By Belle Leiphart
Elm Staff Writer
On Wednesday, Aug. 17, Betty Brown Casey ’47 passed away in her home at the age of 95. An alumna and philanthropist, Casey’s passing is a loss to the Washington College community. Casey leaves behind a significant mark on the country as well as WC.
According to an article published on the College website, Casey was born in 1927 in Carroll County, Md. She later went on to attend WC on a scholarship, majoring in biology with a minor in psychology. She worked for Rosewood State Training School, an institution working with individuals with mental disabilities, for eight years as a psychiatric social worker. As she was earning her master’s degree in psychiatric social work at Catholic University, she met her future husband, the late Eugene B. Casey, a developer and investor.
Betty and Eugene Casey married in 1955 and were married for 31 years. She began her philanthropy career by taking a large role working for the Eugene B. Casey Foundation. When Eugene passed in 1986, Casey inherited half of his $200 million estate and continued funding causes she was passionate about, according to the article.
She honored her late husband and his philanthropy by donating to create an inpatient acute care facility in Rockville, Md. and a diabetes information center in Bethesda, Md. in her husband’s name.
Throughout her lifetime, Casey donated $100 million to support what is now known as Casey Trees, a nonprofit organization that plants and maintains trees in the Washington D.C. area. This group reports to have planted over 41,000 trees in the city.
Casey was also an avid fan of the arts, especially music. She served on the board of the Washington National Opera and donated approximately $18 million to the company. It later merged with the Kennedy Center in 2010 and continues to live on. She also pushed for greater diversity in the company’s productions.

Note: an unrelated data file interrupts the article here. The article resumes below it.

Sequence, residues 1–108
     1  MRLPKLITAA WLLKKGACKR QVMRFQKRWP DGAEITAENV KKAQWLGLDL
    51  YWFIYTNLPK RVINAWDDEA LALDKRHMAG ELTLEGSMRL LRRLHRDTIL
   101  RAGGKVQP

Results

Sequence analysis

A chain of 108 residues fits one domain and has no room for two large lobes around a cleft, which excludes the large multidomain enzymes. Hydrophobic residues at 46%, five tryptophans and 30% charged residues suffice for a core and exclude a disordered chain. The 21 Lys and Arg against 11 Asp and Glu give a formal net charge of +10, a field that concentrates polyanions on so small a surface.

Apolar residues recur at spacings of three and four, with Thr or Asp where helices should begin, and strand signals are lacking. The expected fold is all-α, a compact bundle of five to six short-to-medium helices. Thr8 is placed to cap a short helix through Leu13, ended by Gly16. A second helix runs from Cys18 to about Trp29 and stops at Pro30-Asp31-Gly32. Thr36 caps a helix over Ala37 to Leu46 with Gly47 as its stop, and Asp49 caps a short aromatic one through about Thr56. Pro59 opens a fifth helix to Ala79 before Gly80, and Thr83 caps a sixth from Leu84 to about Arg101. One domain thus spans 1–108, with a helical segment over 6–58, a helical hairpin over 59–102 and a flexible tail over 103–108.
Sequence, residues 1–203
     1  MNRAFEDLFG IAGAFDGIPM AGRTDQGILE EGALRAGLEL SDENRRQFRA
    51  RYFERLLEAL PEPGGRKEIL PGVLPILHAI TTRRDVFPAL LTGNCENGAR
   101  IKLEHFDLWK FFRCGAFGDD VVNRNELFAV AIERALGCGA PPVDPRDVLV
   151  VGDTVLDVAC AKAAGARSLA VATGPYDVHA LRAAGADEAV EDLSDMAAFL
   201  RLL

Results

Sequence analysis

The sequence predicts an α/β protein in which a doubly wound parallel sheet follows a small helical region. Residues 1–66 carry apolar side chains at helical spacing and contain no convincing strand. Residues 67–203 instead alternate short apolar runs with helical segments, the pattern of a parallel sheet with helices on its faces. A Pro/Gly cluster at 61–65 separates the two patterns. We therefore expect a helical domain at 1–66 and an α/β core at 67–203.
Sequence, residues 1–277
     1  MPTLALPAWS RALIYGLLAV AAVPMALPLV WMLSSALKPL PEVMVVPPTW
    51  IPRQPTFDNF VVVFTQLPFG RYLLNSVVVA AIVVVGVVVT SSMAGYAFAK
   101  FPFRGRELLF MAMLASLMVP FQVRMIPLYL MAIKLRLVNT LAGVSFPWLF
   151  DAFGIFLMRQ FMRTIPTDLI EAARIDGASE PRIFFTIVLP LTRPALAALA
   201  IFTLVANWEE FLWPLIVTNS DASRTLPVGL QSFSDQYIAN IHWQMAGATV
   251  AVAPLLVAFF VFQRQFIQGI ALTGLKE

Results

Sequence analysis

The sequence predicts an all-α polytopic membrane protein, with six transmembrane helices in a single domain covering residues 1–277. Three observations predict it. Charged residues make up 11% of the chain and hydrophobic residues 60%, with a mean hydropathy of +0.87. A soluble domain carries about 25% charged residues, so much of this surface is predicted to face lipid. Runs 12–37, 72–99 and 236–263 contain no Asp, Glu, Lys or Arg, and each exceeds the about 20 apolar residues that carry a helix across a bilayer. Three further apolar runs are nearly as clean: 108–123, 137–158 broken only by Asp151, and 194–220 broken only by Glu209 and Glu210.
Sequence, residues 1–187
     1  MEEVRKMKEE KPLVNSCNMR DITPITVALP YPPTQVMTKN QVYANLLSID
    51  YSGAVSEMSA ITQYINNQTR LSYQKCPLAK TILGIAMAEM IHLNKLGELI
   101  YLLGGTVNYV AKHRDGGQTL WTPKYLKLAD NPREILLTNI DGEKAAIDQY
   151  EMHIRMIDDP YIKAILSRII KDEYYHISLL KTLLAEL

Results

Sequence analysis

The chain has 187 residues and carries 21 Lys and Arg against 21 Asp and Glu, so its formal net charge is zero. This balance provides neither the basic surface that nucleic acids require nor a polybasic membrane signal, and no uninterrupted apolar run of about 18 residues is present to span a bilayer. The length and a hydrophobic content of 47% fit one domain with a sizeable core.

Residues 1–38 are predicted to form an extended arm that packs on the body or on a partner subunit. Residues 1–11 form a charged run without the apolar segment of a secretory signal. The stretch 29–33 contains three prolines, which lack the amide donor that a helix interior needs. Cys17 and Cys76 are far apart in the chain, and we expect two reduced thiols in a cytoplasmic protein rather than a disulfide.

Joe Holt, Executive Director of Institutional Giving and Stewardship for Washington College met Casey in 1991.
“When I joined the College in 1991 in the President’s Office, that role involved staffing the Board of Visitors and Governors,” Holt said. “Mrs. Casey was a member of the Board. Several years later, she became a Board member emeritus.”
Casey never forgot the college she attended, and supported WC throughout her life. She made multiple donations to her alma mater, representing more than 10 percent of the college’s total received endowments. Her gifts created the Annie B. Coleman Scholarship, the Raggedy Ann & Andy™ Scholarship, the Clark Clifford Scholarship, and the Christmas Scholarship, all worth over $10 million.
Casey gave more than endowment funding to WC. She also created the Casey Academic Center as well as the Casey Swim Center, both named in honor of her late husband.
The Rose O’Neill Literary House was also a gift from Casey in 1985, named after her mother-in-law, Rose O’Neill Casey. She also donated guest housing such as Brown Cottage and surrounding properties.
According to Vice President of Student Affairs Dr. Sarah Feyerherm, the College dedicates one day of the year as a day of service on campus called “Casey Day,” as well as bestows the “Casey Medal” on a graduating female student of the College that, according to Dr. Feyerherm, is “outstanding in the qualities of scholarship, character, leadership, and campus citizenship.”
“Mrs. Casey’s greatest gift to WC was the example of her service and support,” Holt said regarding Casey’s philanthropy. “She was grateful for the opportunity WC had afforded her as a student, and her service and donations of buildings, scholarship and faculty chair endowments, and prizes were her way of repaying the College.”
Though Betty Casey has passed, her legacy will live on through her dedication and countless donations that have had a resounding impact and helped so many people. She not only left her mark on WC, but on countless other individuals and institutions.
“Life afforded Mrs. Casey great means, and she did great works with the means available to her,” Holt said.
Elm Archive Photo
Photo Caption: The Eugene B. Casey Academic Center was funded and named by Casey after her late husband.